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Even in the winter, Texas nature never goes out of season. And when it gets too cold outside, you can now read about it instead! Outdoors enthusiasts will enjoy this holiday collection featuring titles on the Lone Star state’s most iconic landscapes and nature spots, from the Brazos River to Big Bend. You won’t miss the snow with this fun bundle.
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From its ancient headwaters on the semiarid plains of eastern New Mexico to its mouth at the Gulf of Mexico, the Brazos River carves a huge and paradoxical crescent through Texas geography and history. Its average flow is the largest of Texas rivers, but its floods, low flows, silt, and natural salt have often frustrated human desires. It is one of the most dammed of Texas rivers, but its lower four hundred miles constitute one of the longest undammed stretches of river in North America.
In Exploring the Brazos River, Jim Kimmel follows this long, changeable river from its rocky “arms” in West Texas, through the stretch made famous by John Graves in his classic book, Goodbye to a River, to its lumbering presence as it flows, undammed and mostly untouched, down the Brazos Valley and into the Gulf of Mexico.
Exploring the entire river system, Kimmel first sets the context of climate and geology that determines the characteristics of the Brazos. He then explains the ecological processes that define the Brazos watershed before focusing on four reaches of the river, from the headwaters to the mouth. Each chapter features the captivating photography of Jerry Touchstone Kimmel and includes maps, charts, and descriptions of the water, land, ecology, and people. To encourage readers to explore on their own, Kimmel closes the chapters with tips on where best to experience the river and the surrounding countryside.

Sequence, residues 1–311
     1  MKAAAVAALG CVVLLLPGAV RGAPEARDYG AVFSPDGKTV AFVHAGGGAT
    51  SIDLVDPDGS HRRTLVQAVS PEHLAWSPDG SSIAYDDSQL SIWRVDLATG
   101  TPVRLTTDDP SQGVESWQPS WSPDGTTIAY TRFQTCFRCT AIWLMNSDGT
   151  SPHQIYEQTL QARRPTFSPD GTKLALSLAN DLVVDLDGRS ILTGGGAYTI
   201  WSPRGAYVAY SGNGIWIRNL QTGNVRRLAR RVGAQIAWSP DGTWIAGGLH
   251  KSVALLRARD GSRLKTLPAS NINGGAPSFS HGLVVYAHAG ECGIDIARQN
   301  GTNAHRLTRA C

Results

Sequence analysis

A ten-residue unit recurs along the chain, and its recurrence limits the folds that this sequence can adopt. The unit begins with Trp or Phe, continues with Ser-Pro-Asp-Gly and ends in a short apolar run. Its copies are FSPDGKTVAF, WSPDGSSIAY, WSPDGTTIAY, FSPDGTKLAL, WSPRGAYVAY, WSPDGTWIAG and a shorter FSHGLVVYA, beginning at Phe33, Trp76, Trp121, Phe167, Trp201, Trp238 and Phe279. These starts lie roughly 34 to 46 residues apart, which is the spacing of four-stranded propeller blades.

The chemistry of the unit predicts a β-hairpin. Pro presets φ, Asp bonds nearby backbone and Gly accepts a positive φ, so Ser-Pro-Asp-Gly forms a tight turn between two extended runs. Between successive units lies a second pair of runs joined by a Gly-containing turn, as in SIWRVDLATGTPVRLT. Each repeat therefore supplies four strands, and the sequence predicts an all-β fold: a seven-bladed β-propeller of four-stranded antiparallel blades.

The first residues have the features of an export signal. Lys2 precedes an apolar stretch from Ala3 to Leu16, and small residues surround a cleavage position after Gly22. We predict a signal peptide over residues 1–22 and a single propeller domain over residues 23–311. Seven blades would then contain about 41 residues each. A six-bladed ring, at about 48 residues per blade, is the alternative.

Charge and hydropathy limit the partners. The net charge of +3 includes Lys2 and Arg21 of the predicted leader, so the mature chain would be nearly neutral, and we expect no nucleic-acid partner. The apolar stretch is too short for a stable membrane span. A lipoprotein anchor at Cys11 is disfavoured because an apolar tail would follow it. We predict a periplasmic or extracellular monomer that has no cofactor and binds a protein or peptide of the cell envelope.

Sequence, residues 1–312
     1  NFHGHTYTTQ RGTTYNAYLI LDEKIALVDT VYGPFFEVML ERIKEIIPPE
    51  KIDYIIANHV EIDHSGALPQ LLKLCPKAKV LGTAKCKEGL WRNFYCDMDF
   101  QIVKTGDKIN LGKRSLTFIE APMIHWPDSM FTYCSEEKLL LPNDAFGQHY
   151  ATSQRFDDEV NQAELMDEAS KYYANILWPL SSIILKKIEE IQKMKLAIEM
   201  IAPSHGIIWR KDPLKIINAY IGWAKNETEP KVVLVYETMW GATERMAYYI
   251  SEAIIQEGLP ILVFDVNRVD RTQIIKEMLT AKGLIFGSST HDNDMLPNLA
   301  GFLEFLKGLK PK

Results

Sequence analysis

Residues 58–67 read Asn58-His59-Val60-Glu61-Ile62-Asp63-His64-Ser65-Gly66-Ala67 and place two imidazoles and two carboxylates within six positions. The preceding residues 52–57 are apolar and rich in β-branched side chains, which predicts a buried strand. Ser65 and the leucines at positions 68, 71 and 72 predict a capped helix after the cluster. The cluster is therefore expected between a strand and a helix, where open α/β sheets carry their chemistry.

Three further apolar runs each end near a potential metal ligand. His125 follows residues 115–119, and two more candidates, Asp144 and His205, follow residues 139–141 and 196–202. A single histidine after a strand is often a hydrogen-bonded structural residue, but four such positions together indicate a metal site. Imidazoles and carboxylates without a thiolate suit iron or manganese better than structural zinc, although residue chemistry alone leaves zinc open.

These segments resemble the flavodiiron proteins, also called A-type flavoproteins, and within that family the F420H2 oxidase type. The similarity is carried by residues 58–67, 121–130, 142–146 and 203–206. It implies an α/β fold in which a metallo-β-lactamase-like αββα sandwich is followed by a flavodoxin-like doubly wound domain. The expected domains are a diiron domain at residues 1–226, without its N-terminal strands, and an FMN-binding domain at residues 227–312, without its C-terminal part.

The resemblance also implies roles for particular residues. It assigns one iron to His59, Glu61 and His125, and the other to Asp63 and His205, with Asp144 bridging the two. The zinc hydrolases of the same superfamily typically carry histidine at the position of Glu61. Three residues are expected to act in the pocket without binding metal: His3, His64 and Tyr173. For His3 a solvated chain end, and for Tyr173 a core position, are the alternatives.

Amateur and professional naturalists and outdoor enthusiasts of all stripes will find Exploring the Brazos River a practical and inspiring guide for the introduction of—or re-acquaintance with—one of the most important, historic, and diverse natural resources in the Lone Star State.
To learn more about The Meadows Center for Water and the Environment, sponsors of this book's series, please click here.
He profiles three hundred of the most common and unique species from all of the major groups of plants and animals: trees, shrubs, wildflowers, cacti, vines, grasses, ferns, fungi, lichens, birds, mammals, reptiles, amphibians, fishes, and invertebrates. Color photographs are included for each species along with a brief description.
He closes with a chapter on significant state parks and natural areas in the region as an invitation to visit and explore the Texas Hill Country.
As large metropolitan areas continue to encroach on the Hill Country, newcomers are moving in and more people are flocking to its many attractions. This guidebook will enrich the appreciation of the region’s rich and unique biodiversity and encourage conservation of the natural world encountered.
Photographer-naturalist Peter Koch first visited the new Big Bend National Park in February, 1945, on assignment to take promotional pictures for the National Park Service. He planned to spend a couple of weeks—and ended up staying for the rest of his life. Koch's magnificent photographs and documentary film-lectures Big Bend, Life in a Desert Wilderness and Desert Gold introduced the park to people across the United States, drawing thousands of visitors to the Big Bend. His photographs and films of the region remain among the best ever produced, and are an invaluable visual record of the first four decades of Big Bend National Park.
In this highly readable book, Koch's daughter June Cooper Price draws on the newspaper columns her father wrote for the Alpine Avalanche, supplemented by his photographs, journal entries, and short pieces by other family members, to present Peter Koch's vision of the Big Bend. The book opens with his first "big adventure," a six-day photographic trip through Santa Elena Canyon on a raft made from agave flower stalks. From there, Koch takes readers hiking on mountain trails and driving the scenic loop around Fort Davis. He also describes "wax smuggling" and other ways of making a living on the Mexican border; ranching in the Big Bend; the prehistory and Native Americans of the region; collaborating with botanist Barton Warnock on books of Trans-Pecos wildflowers; and the history and beauty of Presidio County, the Rio Grande, and the Chihuahuan Desert.
This fascinating blend of firsthand adventures, natural history, and personal musings on anthropology and history creates an unforgettable portrait of both Peter Koch and the Big Bend region he so loved.